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Hogan Assessments Reveals How Personality Influences Performance in Sports

by wrich

According to a recent survey from Hogan Assessments conducted in partnership with Blue Coach, success (or lack thereof) shows clear evidence of the influential role of personality in leadership, individual performance, and social team interactions in sports.

Tulsa OKLAHOMA, September 2021 – Effective leadership is essential in any sports organisation, both in the boardroom and on the training pitch. With the sports season about to start in Europe, questions about personal and team performances will arise againHogan Assessments – the global leader in workplace personality assessment and leadership development – conducted a survey in partnership with Blue Coach to understand how athletes’ psychological and characteristics can influence individual performance and team success.

Personality tests and performance in sports

The use of personality tests to identify and drive talent development initiatives is prevalent across industries. In the sports and recreation industry, personality tests are rapidly gaining momentum as they allow athletes and coaches to gain self-awareness and to adjust their behaviour and improve performance. 

To get the most out of each player and make the team experience a positive one, it is crucial to understand the individuality of players and the dynamics of group interaction. It is also essential to know members well enough to be able to assess their strengths and weaknesses and use them to their fullest potential. In this, the Hogan Assessment Systems suite of personality assessments enables coaches and athletes to strategically identify developmental opportunities beyond physical training and provide unique insights that establish a baseline for these developmental opportunities.

Personality of athletes

While the personality of players cannot be expected to change, identifying characteristics relevant to success in a specific sport or position can help drive (did we mean personal?) initiatives. Each player brings with them a unique personality to the team and certain personality profiles can be more successful in one position over another.

According to the Hogan survey, the best athletes tend to score higher on the HPI Prudence and Diligent scales, making them more likely to be self-motivated and focused during practice. On the other hand, athletes who score lower on these scales tend to require constant reminders to practice and complete drills, especially when the coach is not present to keep them in line.

The same survey has shown that while some personality characteristics can improve performance, others can cause athletes to become less effective. For instance, lower scores on the MVPI Power[1] represent a lack of competitiveness. Similarly, higher HPI Sociability[2] and MVPI Hedonism[3] can “destroy the potential” of an individual team member. Athletes with higher scores on these scales are less likely to respond to feedback and are more likely to engage in behaviours that negatively impact performance.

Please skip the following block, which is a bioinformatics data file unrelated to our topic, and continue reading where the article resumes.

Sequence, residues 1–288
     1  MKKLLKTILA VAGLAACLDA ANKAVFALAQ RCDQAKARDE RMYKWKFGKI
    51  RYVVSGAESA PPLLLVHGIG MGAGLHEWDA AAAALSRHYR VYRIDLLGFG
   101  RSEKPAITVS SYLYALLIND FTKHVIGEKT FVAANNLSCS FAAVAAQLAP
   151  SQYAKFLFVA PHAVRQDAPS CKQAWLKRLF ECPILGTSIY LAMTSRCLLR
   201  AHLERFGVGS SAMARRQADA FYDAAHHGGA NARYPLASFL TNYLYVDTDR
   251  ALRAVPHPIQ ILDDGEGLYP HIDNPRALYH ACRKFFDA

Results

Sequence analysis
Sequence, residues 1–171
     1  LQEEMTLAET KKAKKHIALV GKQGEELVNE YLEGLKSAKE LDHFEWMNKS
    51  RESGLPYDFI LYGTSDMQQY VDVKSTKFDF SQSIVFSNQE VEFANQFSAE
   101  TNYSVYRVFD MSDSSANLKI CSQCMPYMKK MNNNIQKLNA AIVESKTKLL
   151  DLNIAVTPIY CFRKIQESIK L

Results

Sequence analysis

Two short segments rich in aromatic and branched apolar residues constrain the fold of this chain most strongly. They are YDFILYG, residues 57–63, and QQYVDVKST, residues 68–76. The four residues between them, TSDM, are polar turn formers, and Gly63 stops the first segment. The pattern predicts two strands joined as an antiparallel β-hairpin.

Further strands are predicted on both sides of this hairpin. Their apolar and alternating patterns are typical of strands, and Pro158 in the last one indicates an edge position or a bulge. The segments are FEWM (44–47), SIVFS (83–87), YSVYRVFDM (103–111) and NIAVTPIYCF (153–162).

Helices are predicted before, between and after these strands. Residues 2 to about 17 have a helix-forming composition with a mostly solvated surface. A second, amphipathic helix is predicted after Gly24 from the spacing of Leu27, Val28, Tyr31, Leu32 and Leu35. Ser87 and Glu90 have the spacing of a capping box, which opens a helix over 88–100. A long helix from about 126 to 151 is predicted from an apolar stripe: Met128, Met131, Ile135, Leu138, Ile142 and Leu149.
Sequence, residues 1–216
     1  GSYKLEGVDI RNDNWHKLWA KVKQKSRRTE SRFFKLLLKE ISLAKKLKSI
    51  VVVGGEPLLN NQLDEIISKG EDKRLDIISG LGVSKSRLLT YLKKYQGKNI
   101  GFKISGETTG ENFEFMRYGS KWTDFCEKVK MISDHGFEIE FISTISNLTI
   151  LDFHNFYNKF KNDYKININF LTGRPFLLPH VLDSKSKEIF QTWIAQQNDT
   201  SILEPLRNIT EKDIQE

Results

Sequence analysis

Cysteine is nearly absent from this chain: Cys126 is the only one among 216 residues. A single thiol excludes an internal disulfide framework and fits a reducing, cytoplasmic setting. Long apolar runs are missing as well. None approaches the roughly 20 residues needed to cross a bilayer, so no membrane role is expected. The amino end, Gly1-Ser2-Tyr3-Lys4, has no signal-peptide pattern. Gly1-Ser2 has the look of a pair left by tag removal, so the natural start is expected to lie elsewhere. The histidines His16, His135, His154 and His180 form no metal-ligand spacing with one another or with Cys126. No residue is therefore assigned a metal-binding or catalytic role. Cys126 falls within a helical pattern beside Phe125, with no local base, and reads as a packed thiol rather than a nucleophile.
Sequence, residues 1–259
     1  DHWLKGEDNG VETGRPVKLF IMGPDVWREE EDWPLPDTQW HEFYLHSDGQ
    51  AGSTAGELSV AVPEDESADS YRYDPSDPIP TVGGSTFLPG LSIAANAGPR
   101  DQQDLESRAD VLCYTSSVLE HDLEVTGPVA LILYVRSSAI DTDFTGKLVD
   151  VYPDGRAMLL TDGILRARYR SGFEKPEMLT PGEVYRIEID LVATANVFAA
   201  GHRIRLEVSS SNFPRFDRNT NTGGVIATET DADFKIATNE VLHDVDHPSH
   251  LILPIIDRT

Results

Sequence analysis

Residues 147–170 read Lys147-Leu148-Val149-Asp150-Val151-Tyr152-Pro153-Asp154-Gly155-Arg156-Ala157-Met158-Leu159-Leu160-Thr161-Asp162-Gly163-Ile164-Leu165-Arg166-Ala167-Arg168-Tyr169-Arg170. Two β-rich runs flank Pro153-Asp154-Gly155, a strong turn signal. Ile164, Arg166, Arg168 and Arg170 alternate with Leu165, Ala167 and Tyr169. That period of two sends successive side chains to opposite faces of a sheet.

Team dynamics to success

As a team responds to the personnel decisions made by their coach, it is essential for sports coaches to develop effective inter and intrapersonal strategies for their teams while being aware of how other perceive them. According to Hogan, an effective coach is not a people pleaser. Instead, the best coaches are those who score high on HPI Prudence and HDS Diligent. These coaches tend to micromanage (which can be frustrating for some), but their level of preparation makes them successful. They also stand apart from others as they have a strong attention to detail and degree of focus.

In addition to that, coaches need to ensure that interpersonal relations stay positive through constructive coaching and communication between players during practices and games. Even though negative feedback is common and accepted in the world of sports, it often affects the team dynamics which can have consequences that impact team performance. Being on a constant lookout for the positive and negative factors that influence individual and team performance allows a great coach to get ahead of any potential conflict within his team.

Dr. Ryne Sherman, Chief Science Officer at Hogan Assessments adds: “Sports regularly show us that leadership is ultimately about building and maintaining high performing teams and driving them to success. There are many lessons for business leaders to be taken from the world of sports. Great coaches are aware of the personalities of their players and understand the dynamics of their team. They constantly experiment and innovate and can never be too proud or lazy to continue learning and most importantly, they anticipate any potential element that can cause conflict within their team. This should be a great lesson for any business leader today.”


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